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Carola potatoes are medium to large in size and are round to ovate with a slightly irregular shape. The smooth skin ranges in color from pale tan to yellow, and there are light freckles scattered across the surface. The firm, creamy yellow flesh is dense, waxy, and moist with relatively low starch. When cooked, Carola potatoes have a buttery, earthy, and nutty sweetness with a smooth, fluffy, and fine-grained texture.
Carola potatoes are available in the late summer through fall.
Carola potatoes, botanically classified Solanum tuberosum ‘Carola,’ are believed to be a German hybrid of the weima potato and the ober arnbacher fruhe potato and are members of the Solanaceae, or nightshade family. Experiencing a brief period of popularity in the 1980's in Europe, Carola potatoes have struggled to reach worldwide commercial success mainly due to the existence of the yukon gold potato as it produces a higher yield which is a characteristic that plays a significant role in the success of commercial varieties. Carola potatoes are known for their buttery flavor and rich golden color, and despite the lack of mass commercial success, they are extremely popular on a small scale in home gardens and at local farmers markets.
Carola potatoes are high in vitamin C and also contain fiber, potassium, iron, calcium, carotenoids, and antioxidants.
Carola potatoes are best suited for cooked applications such as grilling, roasting, baking, mashing, boiling, steaming, and chipping. Their firm texture also makes them an ideal salad potato. Carola potatoes can be used to make fries or potato hash, and they can be boiled, steamed, or pureed to add flavor and viscosity to soups and stews. Sliced into thin rounds, they also make an excellent scalloped or casserole potato. The buttery taste of Carola potatoes pairs well with red onion, tomato, radish, thyme, parsley, chives, grainy mustard, vinegar, melting and blue cheeses, bacon, chicken livers, peaches, sea salt, and hardboiled egg. They will keep up to a month when stored in a cool, dry, and dark place.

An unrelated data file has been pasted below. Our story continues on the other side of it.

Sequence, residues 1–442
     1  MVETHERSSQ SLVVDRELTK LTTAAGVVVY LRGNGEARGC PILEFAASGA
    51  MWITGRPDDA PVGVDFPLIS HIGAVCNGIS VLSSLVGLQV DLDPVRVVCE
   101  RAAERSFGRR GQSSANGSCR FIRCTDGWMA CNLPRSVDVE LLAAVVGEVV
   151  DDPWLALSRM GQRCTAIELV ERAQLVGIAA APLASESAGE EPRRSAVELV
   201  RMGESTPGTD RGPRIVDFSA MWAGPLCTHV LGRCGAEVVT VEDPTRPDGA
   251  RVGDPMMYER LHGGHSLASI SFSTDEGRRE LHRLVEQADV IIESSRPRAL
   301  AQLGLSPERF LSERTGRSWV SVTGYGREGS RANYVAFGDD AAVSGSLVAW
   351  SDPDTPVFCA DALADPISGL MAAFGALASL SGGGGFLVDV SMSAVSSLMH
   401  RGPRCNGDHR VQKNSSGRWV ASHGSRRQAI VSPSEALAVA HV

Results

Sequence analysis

Yellow-fleshed potatoes have long been a preferred variety in Germany. The Carola potato, bred to meet that preference, experienced a brief stint of popularity in Germany and Great Britain in the 1980's but was then discontinued as a variety in 1989. In 1999, an improved variety was released in Europe under the same name, but it had a slightly different shape and superior disease resistance.
Carola potatoes were created by Walter Wallmüller of Saatzuchtwirtschaft and were released to the market in 1979. They were then believed to have made their way to the United States via immigrants coming to New York and the Midwest. Carola potatoes have a small, growing market in the United States sold as a specialty potato and are most often cultivated in home gardens and on small farms. Today, the best place to find the Carola potato outside of a seed catalog is a local farmers market or specialty grocer in the United States and Europe.
Recipes that include Carola Potatoes. One is easiest, three is harder.
|Tigers and Strawberries||Indian Style Carola Potatoes|
|Oh My Veggies||Slow Cooker Rosemary Garlic Mashed Potatoes|